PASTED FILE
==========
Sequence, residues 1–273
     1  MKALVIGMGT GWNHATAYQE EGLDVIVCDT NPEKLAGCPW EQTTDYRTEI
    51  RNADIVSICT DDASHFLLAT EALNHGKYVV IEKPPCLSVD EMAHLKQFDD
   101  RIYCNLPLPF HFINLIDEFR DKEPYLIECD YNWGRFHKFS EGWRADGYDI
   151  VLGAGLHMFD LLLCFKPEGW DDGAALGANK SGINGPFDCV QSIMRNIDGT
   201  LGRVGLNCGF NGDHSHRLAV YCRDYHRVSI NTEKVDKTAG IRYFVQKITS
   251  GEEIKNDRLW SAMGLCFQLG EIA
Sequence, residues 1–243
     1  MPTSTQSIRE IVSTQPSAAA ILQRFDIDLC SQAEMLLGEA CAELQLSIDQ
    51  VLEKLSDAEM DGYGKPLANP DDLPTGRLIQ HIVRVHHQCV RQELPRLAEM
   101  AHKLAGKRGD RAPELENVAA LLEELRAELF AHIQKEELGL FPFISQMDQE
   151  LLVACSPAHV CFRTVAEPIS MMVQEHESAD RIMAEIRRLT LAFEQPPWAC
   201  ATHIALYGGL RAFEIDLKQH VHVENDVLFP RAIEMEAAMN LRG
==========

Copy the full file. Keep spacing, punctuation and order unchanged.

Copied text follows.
Sequence, residues 1–273
     1  MKALVIGMGT GWNHATAYQE EGLDVIVCDT NPEKLAGCPW EQTTDYRTEI
    51  RNADIVSICT DDASHFLLAT EALNHGKYVV IEKPPCLSVD EMAHLKQFDD
   101  RIYCNLPLPF HFINLIDEFR DKEPYLIECD YNWGRFHKFS EGWRADGYDI
   151  VLGAGLHMFD LLLCFKPEGW DDGAALGANK SGINGPFDCV QSIMRNIDGT
   201  LGRVGLNCGF NGDHSHRLAV YCRDYHRVSI NTEKVDKTAG IRYFVQKITS
   251  GEEIKNDRLW SAMGLCFQLG EIA
Sequence, residues 1–243
     1  MPTSTQSIRE IVSTQPSAAA ILQRFDIDLC SQAEMLLGEA CAELQLSIDQ
    51  VLEKLSDAEM DGYGKPLANP DDLPTGRLIQ HIVRVHHQCV RQELPRLAEM
   101  AHKLAGKRGD RAPELENVAA LLEELRAELF AHIQKEELGL FPFISQMDQE
   151  LLVACSPAHV CFRTVAEPIS MMVQEHESAD RIMAEIRRLT LAFEQPPWAC
   201  ATHIALYGGL RAFEIDLKQH VHVENDVLFP RAIEMEAAMN LRG